The opportunity for Canada to be a key player owes to its membership in the NSG, the fact that the NSG decision-making is by consensus – essentially giving each member a veto – and Canada ‘s recognized stake in ending the use of Canadian-origin technology for building nuclear weapons.
But there are risks to exercising that de facto veto without any acknowledgement of the unique situation of the three states outside the NPT. The nuclear status quo with regard to India, Israel, and Pakistan is not a compelling one. Refusing them civilian nuclear cooperation has obviously not prevented them from acquiring nuclear weapons, and keeping them out of the formal nuclear non-proliferation regime means they are subject to few legal constraints. The challenge is to create a place for these three de facto nuclear weapons states (North Korea is not a parallel case) inside the nuclear non-proliferation system and to require them in return to accept the same obligation to disarm as applies to those states bound by Article VI of the NPT, and to accept certain obligations and commitments consistent with the overall objectives of non-proliferation (which all three claim to support).
Two important places to start are the entry into force of the Comprehensive Test Ban Treaty (CTBT) and a freeze on the production of fissile material for weapons purposes, pending the negotiation of a treaty to make the ban permanent (generally referred to as the fissile material cut-off treaty – FMCT).
The CTBT has been agreed to but won’t come into force until it is ratified by all the nuclear weapons states and all states with nuclear reactors – a list that obviously includes India, Israel, and Pakistan (of the three, only Israel has signed and none has ratified it). The US-India deal stipulates that US bilateral cooperation will end if India tests another nuclear device, and at a minimum this commitment should be extended and multilaterialized to make CTBT ratification a precondition for civilian nuclear cooperation and to ensure any NSG exemption would be voided in the event of a weapons test.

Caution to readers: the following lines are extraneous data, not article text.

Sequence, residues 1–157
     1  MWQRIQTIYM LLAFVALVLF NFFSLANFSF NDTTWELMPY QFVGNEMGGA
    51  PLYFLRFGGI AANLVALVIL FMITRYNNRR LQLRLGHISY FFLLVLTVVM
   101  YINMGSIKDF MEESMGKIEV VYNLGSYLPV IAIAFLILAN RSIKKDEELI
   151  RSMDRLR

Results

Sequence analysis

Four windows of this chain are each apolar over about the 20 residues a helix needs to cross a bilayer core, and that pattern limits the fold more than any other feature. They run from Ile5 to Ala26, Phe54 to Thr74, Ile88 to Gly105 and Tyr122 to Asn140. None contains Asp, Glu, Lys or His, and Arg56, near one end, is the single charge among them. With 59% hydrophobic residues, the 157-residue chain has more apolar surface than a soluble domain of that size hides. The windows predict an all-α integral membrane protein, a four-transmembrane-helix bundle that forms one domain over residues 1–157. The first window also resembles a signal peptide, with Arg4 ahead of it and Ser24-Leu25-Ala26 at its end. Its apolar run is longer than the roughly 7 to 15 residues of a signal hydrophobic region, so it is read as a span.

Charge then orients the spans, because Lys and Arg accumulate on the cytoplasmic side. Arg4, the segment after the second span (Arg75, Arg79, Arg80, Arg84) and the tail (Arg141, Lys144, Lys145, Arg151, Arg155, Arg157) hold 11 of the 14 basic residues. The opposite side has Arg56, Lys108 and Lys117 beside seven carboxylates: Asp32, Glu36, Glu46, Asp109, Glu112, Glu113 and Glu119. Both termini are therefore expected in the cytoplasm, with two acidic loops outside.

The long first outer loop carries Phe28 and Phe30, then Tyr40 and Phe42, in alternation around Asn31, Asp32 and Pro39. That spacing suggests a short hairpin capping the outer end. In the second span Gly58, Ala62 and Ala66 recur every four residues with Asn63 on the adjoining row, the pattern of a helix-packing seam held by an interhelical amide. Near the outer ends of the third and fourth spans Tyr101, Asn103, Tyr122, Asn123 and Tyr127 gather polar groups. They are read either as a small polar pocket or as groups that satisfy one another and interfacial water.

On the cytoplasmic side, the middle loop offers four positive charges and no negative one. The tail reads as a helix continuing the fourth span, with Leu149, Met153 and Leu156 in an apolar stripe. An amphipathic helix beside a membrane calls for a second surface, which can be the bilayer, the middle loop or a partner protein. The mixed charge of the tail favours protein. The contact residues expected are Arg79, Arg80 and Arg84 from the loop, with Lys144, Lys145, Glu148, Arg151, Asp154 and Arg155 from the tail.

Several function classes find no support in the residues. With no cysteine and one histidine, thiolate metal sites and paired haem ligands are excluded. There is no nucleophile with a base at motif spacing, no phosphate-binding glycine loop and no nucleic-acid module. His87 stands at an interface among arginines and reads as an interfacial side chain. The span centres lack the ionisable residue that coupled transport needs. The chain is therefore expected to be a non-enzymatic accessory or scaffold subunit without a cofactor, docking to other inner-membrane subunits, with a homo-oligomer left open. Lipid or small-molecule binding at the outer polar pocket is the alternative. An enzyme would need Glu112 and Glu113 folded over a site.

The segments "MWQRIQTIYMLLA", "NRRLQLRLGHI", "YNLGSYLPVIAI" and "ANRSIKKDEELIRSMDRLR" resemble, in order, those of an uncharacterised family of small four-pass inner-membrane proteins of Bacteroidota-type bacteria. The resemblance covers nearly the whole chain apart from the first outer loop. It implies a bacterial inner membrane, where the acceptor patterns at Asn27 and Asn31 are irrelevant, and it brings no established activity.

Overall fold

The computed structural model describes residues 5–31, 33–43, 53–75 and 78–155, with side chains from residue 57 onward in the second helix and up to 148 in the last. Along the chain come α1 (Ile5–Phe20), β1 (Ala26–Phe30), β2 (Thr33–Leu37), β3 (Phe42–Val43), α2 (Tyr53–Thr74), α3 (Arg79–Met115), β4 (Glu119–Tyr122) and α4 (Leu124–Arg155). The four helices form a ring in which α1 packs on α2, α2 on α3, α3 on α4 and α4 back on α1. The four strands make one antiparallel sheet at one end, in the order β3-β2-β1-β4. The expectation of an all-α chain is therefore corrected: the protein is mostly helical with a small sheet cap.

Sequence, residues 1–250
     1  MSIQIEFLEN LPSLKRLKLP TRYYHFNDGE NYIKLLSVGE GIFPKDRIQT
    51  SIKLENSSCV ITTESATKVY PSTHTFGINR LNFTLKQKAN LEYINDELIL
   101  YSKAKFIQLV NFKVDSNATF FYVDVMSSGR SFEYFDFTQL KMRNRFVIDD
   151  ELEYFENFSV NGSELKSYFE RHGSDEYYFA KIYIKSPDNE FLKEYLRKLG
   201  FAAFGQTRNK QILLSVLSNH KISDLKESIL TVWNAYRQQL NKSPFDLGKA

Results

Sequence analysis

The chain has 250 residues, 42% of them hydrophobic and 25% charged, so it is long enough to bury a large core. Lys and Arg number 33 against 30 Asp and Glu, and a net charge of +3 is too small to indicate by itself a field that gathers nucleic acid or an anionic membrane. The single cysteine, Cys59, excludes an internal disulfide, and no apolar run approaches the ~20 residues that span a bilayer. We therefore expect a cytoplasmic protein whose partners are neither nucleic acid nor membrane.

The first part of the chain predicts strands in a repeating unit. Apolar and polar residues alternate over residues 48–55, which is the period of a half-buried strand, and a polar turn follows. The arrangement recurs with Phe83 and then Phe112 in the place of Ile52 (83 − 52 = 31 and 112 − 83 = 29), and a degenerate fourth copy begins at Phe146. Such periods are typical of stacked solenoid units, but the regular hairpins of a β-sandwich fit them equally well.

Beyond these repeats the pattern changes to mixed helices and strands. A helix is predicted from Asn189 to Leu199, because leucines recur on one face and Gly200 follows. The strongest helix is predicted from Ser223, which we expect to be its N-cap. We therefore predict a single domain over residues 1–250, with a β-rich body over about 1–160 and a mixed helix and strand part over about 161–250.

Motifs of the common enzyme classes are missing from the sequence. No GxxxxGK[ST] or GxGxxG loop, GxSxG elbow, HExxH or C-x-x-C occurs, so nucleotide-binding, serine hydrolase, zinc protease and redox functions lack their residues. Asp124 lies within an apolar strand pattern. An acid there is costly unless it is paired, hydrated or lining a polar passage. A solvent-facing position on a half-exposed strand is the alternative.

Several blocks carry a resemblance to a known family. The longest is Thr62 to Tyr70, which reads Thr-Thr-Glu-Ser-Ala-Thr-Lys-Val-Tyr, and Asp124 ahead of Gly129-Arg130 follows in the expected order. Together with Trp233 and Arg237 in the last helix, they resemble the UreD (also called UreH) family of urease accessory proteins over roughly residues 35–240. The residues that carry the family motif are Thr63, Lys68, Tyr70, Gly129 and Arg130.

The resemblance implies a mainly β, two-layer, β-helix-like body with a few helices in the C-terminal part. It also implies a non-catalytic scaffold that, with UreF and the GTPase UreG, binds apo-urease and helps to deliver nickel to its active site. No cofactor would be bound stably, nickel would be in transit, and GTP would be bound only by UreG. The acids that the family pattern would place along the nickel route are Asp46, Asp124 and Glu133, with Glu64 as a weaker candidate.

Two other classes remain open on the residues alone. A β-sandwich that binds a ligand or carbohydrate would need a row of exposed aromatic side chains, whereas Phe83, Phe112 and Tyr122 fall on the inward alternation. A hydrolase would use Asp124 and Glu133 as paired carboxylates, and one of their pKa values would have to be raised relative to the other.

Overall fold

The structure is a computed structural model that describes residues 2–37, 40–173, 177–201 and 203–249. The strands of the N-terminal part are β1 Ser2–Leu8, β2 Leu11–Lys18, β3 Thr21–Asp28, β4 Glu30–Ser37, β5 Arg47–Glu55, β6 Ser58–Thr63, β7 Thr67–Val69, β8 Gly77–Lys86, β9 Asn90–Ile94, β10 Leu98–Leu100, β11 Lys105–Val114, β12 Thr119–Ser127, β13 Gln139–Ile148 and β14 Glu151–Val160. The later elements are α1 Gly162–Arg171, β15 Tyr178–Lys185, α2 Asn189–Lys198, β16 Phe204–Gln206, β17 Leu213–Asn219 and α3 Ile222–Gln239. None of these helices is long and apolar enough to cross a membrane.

Even though India already has enough fissile material to meet any requirements of its declared “minimum deterrence” doctrine, and even though it has declared its support for negotiations toward an FMCT, India appears determined to increase and accelerate fissile material production for weapons purposes while the Treaty negotiations drag on (assuming they ever get started), and for India the NSG exemption is essential to meeting that goal.
Canada has already signaled its opposition. In December 2005 Canada told US officials that while it welcomed efforts to deal constructively with states, like India, outside the NPT, it said “the deal would have been more positive if the United States had obtained an Indian commitment to freeze production of fissile material for nuclear weapons.”[iii] It is a mild statement that nevertheless embodies a principle that the NSG should make its own – that is, civilian nuclear cooperation with India or any de facto nuclear weapon state outside the NPT should also be conditional on them imposing a verifiable freeze on the production of fissile material for weapons purposes until their adherence to an FMCT that converts the freeze into a permanent ban.
Canada is in a position to insist on these conditions, and with forthright leadership others will follow.
[i]Regehr, Ernie. 2005. US-India Nuclear Cooperation Agreement: A further threat to nuclear non-proliferation. Project Ploughshares Briefing 05/3.
[ii] Mian, Zia, AH Nayyar, R Rajaraman & MV Ramana. 2006. Fissile Materials in South Asia : The Implications of the U.S.-India Nuclear Deal. International Panel on Fissile Materials, September. www.fissilematerials.org.
[iii] Squassoni, Sharon. 2006. U.S.Nuclear Cooperation With India : Issues for Congress. CRS Report for Congress, Congressional Research Service, updated 12 January. http://fpc.state.gov/fpc/c16427.htm.